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  1. Free, publicly-accessible full text available May 1, 2024
  2. null (Ed.)
    Conversational partners develop shared knowledge. In referential communication tasks, partners collaboratively establish brief labels for hard-to-name images. These image-label mappings are associated in memory with that partner, evidenced by use of those brief labels with the same partner, and longer descriptions with new partners. According to the people-as-contexts view, the conversational partner functions as a contextual cue to support retrieval of conversationally-relevant information. Inspired by findings from the memory literature that context effects can be stronger when retrieval is more explicit, two experiments test the hypothesis that the speaker will be more likely to invoke the partner as a retrieval cue when retrieval processes are more explicit. The results indicated a strong effect of partner that, contrary to these predictions, was not boosted by explicit retrieval processes. The lack of an effect of retrieval processes speaks to the ubiquity with which language use in conversation is tailored to the particular people with whom we converse. 
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  3. Abstract

    The neutron inelastic scattering of carbon-12, populating the Hoyle state, is a reaction of interest for the triple-alpha process. The inverse process (neutron upscattering) can enhance the Hoyle state’s decay rate to the bound states of12C, effectively increasing the overall triple-alpha reaction rate. The cross section of this reaction is impossible to measure experimentally but has been determined here at astrophysically-relevant energies using detailed balance. Using a highly-collimated monoenergetic beam, here we measure neutrons incident on the Texas Active Target Time Projection Chamber (TexAT TPC) filled with CO2gas, we measure the 3α-particles (arising from the decay of the Hoyle state following inelastic scattering) and a cross section is extracted. Here we show the neutron-upscattering enhancement is observed to be much smaller than previously expected. The importance of the neutron-upscattering enhancement may therefore not be significant aside from in very particular astrophysical sites (e.g. neutron star mergers).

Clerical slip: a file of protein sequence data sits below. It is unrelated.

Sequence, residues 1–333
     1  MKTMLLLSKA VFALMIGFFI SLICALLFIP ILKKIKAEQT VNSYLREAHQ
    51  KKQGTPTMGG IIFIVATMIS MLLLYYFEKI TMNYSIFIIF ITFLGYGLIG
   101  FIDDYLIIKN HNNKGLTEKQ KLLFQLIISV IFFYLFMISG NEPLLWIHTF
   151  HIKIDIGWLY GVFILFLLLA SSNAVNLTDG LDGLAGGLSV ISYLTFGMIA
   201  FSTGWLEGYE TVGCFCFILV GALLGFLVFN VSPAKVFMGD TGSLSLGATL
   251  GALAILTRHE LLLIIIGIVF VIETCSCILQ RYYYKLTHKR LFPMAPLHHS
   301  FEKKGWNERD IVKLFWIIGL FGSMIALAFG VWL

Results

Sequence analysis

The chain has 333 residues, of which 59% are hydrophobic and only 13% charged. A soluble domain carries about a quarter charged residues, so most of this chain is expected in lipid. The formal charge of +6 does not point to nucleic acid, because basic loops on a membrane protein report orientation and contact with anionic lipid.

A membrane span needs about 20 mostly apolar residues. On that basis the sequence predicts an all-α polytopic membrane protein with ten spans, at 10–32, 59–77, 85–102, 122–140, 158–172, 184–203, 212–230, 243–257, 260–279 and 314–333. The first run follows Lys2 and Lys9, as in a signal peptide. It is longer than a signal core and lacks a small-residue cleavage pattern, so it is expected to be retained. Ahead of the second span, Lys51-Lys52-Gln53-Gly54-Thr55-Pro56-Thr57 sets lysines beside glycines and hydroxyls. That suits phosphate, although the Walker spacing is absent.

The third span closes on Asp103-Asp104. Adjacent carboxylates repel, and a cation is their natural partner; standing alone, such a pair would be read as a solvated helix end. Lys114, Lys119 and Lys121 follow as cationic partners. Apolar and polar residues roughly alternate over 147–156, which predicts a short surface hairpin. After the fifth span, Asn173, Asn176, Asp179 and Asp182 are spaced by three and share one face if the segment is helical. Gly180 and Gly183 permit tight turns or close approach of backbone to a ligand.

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  4. Human gaze behavior prediction is important for behavioral vision and for computer vision applications. Most models mainly focus on predicting free-viewing behavior using saliency maps, but do not generalize to goal-directed behavior, such as when a person searches for a visual target object. We propose the first inverse reinforcement learning (IRL) model to learn the internal reward function and policy used by humans during visual search. We modeled the viewer’s internal belief states as dynamic contextual belief maps of object locations. These maps were learned and then used to predict behavioral scanpaths for multiple target categories. To train and evaluate our IRL model we created COCO-Search18, which is now the largest dataset of highquality search fixations in existence. COCO-Search18 has 10 participants searching for each of 18 target-object categories in 6202 images, making about 300,000 goal-directed fixations. When trained and evaluated on COCO-Search18, the IRL model outperformed baseline models in predicting search fixation scanpaths, both in terms of similarity to human search behavior and search efficiency. Finally, reward maps recovered by the IRL model reveal distinctive targetdependent patterns of object prioritization, which we interpret as a learned object context. 
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  5. Augmented reality (AR) technologies have seen significant improvement in recent years with several consumer and commercial solutions being developed. New security challenges arise as AR becomes increasingly ubiquitous. Previous work has proposed techniques for securing the output of AR devices and used reinforcement learning (RL) to train security policies which can be difficult to define manually. However, whether such systems and policies can be deployed on a physical AR device without degrading performance was left an open question. We develop a visual output security application using a RL trained policy and deploy it on a Magic Leap One head-mounted AR device. The demonstration illustrates that RL based visual output security systems are feasible. 
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